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Opinion date: July 1, 2007

Ethics issue presented:

When a sole practitioner discovers that his IOLTA account is out of balance, what measures may he take to correct the balance, and must he report that imbalance to the IOLTA Board?

Facts as presented by Inquirer:

Inquirer is a sole practitioner who has been engaged in personal injury practice for well over twenty years. In the past he has never made a habit of reconciling his IOLTA account. Recently, in a first attempt to do so, Inquirer determined that the IOLTA account was not in balance, and in fact, that there was a deficit of several thousand dollars, even though the account had never reached a negative stage and had never been reported to the IOLTA Board by the depository bank. Attorney could not ascertain how, why, or when the imbalance occurred, but guesses that a past distribution to a client and/or attorney was greater than it should have been. Inquirer intends to deposit personal funds into the IOLTA account to bring it into proper "balance." Is this permissible? Must the IOLTA Board be notified?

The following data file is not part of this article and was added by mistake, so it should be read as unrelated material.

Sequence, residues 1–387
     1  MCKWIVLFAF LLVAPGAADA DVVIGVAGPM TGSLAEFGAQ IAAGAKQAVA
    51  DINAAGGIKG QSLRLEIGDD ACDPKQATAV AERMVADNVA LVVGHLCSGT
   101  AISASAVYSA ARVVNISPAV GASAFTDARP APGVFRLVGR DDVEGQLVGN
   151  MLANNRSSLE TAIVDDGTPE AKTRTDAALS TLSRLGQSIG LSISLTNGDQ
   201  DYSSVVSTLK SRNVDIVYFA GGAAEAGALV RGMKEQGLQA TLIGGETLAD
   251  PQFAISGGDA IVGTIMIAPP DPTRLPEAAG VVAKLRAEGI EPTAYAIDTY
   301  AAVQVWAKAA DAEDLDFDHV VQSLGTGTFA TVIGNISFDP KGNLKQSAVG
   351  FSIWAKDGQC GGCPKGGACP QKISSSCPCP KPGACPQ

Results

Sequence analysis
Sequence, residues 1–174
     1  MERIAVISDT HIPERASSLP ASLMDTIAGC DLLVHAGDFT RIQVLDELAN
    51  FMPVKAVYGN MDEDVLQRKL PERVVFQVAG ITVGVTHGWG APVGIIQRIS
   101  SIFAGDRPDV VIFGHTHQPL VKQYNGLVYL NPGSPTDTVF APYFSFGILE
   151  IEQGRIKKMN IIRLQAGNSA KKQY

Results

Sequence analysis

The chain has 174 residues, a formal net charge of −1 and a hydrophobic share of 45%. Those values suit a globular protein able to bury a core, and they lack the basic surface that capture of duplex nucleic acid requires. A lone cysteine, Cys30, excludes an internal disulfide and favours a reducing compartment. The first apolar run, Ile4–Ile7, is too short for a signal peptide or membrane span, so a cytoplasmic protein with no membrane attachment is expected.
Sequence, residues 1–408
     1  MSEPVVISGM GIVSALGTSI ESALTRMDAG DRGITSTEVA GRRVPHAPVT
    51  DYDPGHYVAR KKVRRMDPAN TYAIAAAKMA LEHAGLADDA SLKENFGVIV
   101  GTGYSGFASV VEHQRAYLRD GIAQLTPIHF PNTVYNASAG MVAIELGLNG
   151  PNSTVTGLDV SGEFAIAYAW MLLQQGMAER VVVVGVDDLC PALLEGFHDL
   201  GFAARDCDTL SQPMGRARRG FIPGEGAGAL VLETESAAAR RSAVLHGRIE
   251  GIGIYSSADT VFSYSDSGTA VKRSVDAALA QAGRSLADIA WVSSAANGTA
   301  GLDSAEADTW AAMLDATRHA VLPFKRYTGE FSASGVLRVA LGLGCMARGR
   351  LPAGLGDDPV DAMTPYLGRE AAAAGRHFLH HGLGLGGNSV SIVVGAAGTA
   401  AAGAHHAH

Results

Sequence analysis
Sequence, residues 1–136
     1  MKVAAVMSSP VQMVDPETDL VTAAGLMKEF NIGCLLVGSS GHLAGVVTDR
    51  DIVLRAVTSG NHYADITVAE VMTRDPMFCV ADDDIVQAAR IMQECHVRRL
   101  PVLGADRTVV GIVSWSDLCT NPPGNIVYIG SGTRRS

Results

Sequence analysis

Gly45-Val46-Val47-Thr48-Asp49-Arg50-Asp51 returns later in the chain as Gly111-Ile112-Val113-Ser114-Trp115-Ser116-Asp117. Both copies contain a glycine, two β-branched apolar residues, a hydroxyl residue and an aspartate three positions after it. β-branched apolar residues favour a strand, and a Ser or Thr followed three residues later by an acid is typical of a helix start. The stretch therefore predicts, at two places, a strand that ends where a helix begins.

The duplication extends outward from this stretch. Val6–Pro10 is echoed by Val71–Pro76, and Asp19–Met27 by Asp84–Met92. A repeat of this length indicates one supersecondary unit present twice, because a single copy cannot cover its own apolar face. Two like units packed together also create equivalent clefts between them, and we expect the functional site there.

Advice given:

Inquiring attorney was asked to review Rule 1.15 of the Pennsylvania Rules of Professional Conduct. Since Inquirer has no practical way of determining how or when the IOLTA account went out of balance, the Inquirer's proposed remedy of depositing his own funds into the account to bring it back into trust would not seem to be prohibited by Rule 1.15, despite the fact that Rule 1.15(e) states that: "A lawyer shall not deposit the lawyer's own funds into a trust account except for the sole purpose of paying bank service charges on that account, and only in an amount necessary for that purpose," since to do nothing would allow the IOLTA account to remain out of trust. Rule 1.15 does not require this sole practitioner to report himself to the IOLTA Board.

The foregoing is advisory only and is not binding on the Disciplinary Board of the Supreme Court of Pennsylvania or any given Court. It carries only such weight as an appropriate reviewing authority may choose to give it.

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